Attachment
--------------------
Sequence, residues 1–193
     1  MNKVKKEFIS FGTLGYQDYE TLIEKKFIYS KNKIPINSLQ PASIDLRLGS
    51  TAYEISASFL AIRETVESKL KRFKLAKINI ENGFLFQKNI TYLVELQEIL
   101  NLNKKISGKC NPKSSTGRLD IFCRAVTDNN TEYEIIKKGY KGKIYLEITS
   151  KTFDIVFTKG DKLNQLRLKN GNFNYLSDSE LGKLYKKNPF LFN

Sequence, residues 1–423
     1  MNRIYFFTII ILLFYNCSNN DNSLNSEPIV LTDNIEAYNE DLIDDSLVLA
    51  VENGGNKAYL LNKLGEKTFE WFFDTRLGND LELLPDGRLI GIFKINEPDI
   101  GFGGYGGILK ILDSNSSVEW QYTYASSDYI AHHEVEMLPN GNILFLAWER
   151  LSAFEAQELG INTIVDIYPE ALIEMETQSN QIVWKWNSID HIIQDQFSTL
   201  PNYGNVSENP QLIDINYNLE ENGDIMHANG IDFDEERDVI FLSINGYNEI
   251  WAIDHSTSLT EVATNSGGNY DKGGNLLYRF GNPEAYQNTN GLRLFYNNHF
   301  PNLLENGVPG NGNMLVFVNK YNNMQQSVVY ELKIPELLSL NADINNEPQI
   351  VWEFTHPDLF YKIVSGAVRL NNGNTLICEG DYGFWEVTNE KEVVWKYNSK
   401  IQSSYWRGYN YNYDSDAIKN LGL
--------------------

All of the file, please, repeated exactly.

Sequence, residues 1–193
     1  MNKVKKEFIS FGTLGYQDYE TLIEKKFIYS KNKIPINSLQ PASIDLRLGS
    51  TAYEISASFL AIRETVESKL KRFKLAKINI ENGFLFQKNI TYLVELQEIL
   101  NLNKKISGKC NPKSSTGRLD IFCRAVTDNN TEYEIIKKGY KGKIYLEITS
   151  KTFDIVFTKG DKLNQLRLKN GNFNYLSDSE LGKLYKKNPF LFN

Sequence, residues 1–423
     1  MNRIYFFTII ILLFYNCSNN DNSLNSEPIV LTDNIEAYNE DLIDDSLVLA
    51  VENGGNKAYL LNKLGEKTFE WFFDTRLGND LELLPDGRLI GIFKINEPDI
   101  GFGGYGGILK ILDSNSSVEW QYTYASSDYI AHHEVEMLPN GNILFLAWER
   151  LSAFEAQELG INTIVDIYPE ALIEMETQSN QIVWKWNSID HIIQDQFSTL
   201  PNYGNVSENP QLIDINYNLE ENGDIMHANG IDFDEERDVI FLSINGYNEI
   251  WAIDHSTSLT EVATNSGGNY DKGGNLLYRF GNPEAYQNTN GLRLFYNNHF
   301  PNLLENGVPG NGNMLVFVNK YNNMQQSVVY ELKIPELLSL NADINNEPQI
   351  VWEFTHPDLF YKIVSGAVRL NNGNTLICEG DYGFWEVTNE KEVVWKYNSK
   401  IQSSYWRGYN YNYDSDAIKN LGL